Diana is a costume and set designer and she will use her award and time during lockdown to develop audio visual and design skills for a new piece of physical theatre for young audiences. Her project is a progression from her experience as a designer responding to a script or performance, to an artist using design to initiate a brand new piece of theatre. The piece will explore the mental health impact of isolation for a young audiences in a creative and accessible format, using non-verbal physical performance, design, colour and AV content. This is the first time that Diana has applied to the Arts Council for funding support.

Jason O’Rourke, Composer and Musician
“Belonging: a Northern Ireland-India socially-distanced collaboration” is a remote collaboration between Jason O’Rourke and Deepmoy Das, an Indian musician. The project will deliver performances online to benefit the NI Indian community, employing a network of partner organisations in NI and India. Ambitions are to tailor a programme of NI-Indian folk music to engage audiences online, through music, arts, crafts and dance. The collaboration will encourage the Indian diaspora in NI to reflect on issues of identity and belonging, and encourage participation in arts practices. It will pave the way for further sustainable community projects.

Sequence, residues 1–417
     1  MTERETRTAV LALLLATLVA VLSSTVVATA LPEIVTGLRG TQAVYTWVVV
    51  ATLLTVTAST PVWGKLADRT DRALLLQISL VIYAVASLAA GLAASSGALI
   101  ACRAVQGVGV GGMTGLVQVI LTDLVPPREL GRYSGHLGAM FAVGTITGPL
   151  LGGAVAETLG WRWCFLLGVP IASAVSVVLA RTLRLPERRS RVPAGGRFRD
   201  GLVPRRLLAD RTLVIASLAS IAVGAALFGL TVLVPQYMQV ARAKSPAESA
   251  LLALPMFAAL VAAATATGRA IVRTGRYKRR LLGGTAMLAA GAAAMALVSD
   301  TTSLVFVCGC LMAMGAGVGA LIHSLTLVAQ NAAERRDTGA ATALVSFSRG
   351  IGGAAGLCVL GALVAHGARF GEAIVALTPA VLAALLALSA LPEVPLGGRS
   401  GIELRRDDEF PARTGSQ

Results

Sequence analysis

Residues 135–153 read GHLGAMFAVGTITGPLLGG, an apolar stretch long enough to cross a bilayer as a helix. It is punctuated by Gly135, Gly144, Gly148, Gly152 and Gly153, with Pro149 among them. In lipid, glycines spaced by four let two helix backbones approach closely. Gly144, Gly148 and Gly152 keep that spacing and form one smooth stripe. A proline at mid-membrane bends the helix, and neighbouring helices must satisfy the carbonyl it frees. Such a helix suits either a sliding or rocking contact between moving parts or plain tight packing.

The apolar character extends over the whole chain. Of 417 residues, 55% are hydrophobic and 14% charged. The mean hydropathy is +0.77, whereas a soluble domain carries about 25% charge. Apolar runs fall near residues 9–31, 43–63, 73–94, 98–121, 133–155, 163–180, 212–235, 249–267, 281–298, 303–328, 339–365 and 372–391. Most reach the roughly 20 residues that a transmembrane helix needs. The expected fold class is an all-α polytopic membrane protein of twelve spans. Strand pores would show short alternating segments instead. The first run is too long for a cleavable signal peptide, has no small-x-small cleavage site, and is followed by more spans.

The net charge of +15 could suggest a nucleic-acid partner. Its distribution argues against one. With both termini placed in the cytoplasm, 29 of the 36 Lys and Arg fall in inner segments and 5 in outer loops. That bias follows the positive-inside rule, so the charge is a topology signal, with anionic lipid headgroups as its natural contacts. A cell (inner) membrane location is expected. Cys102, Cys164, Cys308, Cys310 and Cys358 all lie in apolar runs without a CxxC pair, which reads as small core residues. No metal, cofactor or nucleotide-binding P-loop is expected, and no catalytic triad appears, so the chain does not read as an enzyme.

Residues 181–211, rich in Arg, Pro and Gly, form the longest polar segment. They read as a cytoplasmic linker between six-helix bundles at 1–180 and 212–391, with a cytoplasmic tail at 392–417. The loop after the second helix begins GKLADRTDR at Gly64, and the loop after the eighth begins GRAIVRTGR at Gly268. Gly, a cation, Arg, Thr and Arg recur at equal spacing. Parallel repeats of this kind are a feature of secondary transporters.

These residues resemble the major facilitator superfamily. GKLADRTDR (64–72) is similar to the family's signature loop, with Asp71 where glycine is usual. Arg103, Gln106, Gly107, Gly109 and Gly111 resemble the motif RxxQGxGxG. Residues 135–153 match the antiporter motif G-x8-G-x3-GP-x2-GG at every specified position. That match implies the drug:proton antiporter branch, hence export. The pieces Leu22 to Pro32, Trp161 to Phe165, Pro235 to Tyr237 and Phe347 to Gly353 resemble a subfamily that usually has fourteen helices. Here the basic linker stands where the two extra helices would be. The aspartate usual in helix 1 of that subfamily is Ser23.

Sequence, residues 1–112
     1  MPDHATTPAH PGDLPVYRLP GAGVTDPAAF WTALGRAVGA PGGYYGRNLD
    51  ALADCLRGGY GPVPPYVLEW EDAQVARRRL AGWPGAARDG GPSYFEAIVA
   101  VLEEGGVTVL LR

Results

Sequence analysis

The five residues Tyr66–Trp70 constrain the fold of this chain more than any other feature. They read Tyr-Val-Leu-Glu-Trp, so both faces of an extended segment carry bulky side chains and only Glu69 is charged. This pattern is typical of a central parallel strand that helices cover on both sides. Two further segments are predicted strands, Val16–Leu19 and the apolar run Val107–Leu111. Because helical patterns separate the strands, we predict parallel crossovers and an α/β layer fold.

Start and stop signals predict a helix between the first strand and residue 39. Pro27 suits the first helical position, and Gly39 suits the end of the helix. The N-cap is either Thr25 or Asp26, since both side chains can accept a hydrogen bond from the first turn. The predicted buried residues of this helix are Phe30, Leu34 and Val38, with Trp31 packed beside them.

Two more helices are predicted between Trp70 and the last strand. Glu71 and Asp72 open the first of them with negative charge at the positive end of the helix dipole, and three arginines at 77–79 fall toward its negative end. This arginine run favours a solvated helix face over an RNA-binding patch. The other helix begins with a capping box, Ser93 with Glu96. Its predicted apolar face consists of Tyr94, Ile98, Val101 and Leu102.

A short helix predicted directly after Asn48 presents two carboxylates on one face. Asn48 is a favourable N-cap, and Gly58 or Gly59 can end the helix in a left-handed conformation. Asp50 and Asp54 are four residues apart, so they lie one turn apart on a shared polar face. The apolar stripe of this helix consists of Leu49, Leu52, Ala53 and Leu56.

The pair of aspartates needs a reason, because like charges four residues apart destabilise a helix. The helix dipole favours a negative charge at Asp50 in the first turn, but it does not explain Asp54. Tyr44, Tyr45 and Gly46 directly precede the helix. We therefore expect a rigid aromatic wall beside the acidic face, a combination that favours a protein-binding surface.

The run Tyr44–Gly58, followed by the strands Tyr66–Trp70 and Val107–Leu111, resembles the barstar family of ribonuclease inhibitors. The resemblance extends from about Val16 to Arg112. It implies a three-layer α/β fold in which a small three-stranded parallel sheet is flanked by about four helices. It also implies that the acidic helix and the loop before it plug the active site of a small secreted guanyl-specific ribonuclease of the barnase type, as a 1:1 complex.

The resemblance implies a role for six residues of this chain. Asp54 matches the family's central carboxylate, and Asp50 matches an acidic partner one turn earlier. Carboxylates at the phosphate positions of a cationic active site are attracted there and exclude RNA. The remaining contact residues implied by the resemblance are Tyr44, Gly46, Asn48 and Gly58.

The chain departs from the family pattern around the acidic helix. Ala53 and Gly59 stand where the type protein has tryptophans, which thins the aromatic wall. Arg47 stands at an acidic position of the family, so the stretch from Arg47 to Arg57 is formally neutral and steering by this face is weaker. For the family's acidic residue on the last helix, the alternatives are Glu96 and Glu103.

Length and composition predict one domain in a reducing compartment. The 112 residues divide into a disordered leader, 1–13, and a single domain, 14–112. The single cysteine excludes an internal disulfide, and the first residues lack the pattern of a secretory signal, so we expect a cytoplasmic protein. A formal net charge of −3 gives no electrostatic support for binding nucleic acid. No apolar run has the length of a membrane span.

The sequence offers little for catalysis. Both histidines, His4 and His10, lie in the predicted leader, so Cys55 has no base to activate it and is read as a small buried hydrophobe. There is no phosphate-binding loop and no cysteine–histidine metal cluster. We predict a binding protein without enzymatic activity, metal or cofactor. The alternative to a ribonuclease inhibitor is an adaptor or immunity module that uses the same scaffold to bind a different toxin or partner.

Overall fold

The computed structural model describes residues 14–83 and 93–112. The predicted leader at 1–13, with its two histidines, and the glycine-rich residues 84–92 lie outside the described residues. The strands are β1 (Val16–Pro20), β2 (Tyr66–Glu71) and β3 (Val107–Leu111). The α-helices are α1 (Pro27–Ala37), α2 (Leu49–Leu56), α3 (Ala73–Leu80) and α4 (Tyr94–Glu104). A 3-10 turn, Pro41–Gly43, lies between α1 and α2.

Vasiliki Stasinaki, A dance and visual artist working in the intersection between both practices
Vasiliki experiments with the creation of performative installations, using video, sound, sculpture and movement and this is the first time she has applied to the Arts Council for funding. She hopes to research and develop a new project that investigates how social and traditional dance has been used historically as a tool for political and societal change during uncertain times. She plans to develop a series of cutting edge, experimental films using both archival footage and new material created during lockdown, in order to explore this subject and develop ideas for a future installation.

Paul Corcoran, Writer
Paul plans to write and publish a science fiction novel to be produced as an eBook, audiobook and print book to be widely available to potential readers. He is a published author and plans to provide employment for Northern Ireland based editors, cover designers and audio artists. This is Paul’s first funding application to the Arts Council.